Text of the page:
Aside from telemedicine, the health and wellness industry were already on the upswing. Data is being researched how preemption can help one fight the symptoms of COVID-19. Lifestyle choices such as being overweight, and smoking put one more at risk of having serious symptoms. Being at home also impacts this industry as corporate wellness programs at the office are moving online to support a remote workforce. The vertical of wellness is broad and encompasses industries such as fitness, meditation, nutrition, mindfulness, mental health, and as this Medium article states that “according to the Global Wellness Institute is valued at $4.2 trillion.”

What is applicable about this vertical is that many of these technologies used are B2C, personalized, and can be accessed from an app on your smartphone. While wellness was already a hot trend, there is more awareness from people who may have neglected their health in the past. Deteriorating mental health has been one of the issues that has impacted people the most as they are sitting at home and dealing with stress of the unknown.

The local grocer online

This is not a surprising one as people have been afraid to leave their house to even buy groceries. Amazon has been at near capacity and struggling to fulfill its orders. While e-commerce has been around since the mid 1990’s never before have such large swaths of the population had to rely on online shopping to get their basic food needs fulfilled.

E-commerce is a saturated market, so new entrepreneurs entering this space won’t change things much, but the addressable market will change. Consumers who were reluctant to purchase products online in the past will have no choice but to do so now. The trust to pay with a credit card online is not going to play a factor as marketplaces such as Amazon, and platforms such as Shopify have gained customer’s trust. If an entrepreneur was considering launching an e-commerce brand online on Shopify now is the time.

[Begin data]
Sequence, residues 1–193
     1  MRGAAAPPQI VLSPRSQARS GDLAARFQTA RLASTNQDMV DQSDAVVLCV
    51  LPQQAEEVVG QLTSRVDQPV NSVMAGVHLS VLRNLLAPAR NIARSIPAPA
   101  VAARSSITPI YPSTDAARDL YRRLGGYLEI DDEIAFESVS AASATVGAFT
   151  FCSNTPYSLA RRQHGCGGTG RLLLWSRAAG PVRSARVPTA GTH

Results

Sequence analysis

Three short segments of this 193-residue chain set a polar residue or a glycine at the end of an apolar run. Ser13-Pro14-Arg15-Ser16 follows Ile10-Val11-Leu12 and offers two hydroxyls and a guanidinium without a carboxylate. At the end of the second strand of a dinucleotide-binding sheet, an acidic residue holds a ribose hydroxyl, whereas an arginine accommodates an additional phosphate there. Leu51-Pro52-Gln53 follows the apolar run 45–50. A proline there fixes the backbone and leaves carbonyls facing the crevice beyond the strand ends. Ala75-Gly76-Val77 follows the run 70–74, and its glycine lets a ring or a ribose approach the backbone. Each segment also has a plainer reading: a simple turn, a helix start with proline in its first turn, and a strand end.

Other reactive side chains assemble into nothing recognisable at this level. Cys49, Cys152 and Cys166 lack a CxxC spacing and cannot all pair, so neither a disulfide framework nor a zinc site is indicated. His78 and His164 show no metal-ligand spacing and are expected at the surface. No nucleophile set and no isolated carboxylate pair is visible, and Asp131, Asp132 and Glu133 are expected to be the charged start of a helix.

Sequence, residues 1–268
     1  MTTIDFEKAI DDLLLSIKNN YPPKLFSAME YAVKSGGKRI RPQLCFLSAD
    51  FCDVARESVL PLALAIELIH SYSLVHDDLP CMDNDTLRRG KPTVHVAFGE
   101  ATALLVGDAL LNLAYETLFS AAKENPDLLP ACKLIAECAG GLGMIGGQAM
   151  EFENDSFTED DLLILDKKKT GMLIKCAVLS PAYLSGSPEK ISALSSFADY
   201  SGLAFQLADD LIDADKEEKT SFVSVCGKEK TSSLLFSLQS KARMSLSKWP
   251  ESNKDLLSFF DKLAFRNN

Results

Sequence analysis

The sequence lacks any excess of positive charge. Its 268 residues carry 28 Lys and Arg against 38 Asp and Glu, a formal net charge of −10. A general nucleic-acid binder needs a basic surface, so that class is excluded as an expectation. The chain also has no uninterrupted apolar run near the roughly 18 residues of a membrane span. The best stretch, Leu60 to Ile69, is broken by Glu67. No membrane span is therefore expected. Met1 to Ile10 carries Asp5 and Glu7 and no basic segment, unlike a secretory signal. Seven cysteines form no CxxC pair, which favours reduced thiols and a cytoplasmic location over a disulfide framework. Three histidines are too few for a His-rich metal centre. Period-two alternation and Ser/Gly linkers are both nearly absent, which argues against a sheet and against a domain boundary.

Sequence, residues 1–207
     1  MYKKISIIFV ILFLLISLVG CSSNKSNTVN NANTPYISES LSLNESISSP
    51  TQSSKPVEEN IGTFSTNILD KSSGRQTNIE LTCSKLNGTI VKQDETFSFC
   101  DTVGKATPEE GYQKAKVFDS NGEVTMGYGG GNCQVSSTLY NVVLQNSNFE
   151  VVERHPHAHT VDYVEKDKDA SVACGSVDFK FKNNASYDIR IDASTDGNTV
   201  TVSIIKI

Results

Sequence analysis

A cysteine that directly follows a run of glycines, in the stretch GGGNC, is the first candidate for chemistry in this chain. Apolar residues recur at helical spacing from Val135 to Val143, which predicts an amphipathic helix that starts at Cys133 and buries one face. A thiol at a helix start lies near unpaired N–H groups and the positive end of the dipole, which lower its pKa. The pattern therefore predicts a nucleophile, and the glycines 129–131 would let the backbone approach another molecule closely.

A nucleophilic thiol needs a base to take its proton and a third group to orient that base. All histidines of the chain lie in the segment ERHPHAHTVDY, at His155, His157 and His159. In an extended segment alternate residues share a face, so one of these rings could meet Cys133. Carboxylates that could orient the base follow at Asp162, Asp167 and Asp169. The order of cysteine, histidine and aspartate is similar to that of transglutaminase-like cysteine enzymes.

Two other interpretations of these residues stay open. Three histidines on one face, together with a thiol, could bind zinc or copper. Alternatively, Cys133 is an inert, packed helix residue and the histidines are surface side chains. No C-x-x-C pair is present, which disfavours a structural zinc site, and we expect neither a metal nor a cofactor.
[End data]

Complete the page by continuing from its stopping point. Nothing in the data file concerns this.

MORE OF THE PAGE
The social distancing economy

What will this look like? This could encompass many verticals such as smart cities tech, drones, online events, AI, etc. What products will we use in the social distancing economy, and how will this impact our policy makers’ decisions? Will we have drones like in China hovering over us reminding us to keep our distance? The question is if this will even last; we could have this kind of economy during the winter, but things could revert to ‘normal’ during the summer months. The real gift that entrepreneurs give to the world is the ability to see around corners and come up with ideas and products we don’t even know we need yet.

Entrepreneurship in this space, and innovation in general are going to be messy. What drives innovation and formulating solutions at present is that people are still getting sick, and those solutions need to help save lives. Additionally, in 6 months’ time as things develop additional verticals connected to social distancing may open as well as society’s norms change (ex, online dating now known as Zoom dating.) The challenge is creating solutions that could live past this phase and maintain longevity, as we will eventually settle into a ‘new normal’.

The reality is that all this is new, and things could change as the situation with the virus unfolds. If anything, these changes in how we conduct our lives and do business are opening the eyes of many entrepreneurs who not only want to capitalize on what is happening to build a profitable business but also solve real dilemmas. In the end, entrepreneurship is about creating an impact, and dealing with the most pressing problems at scale.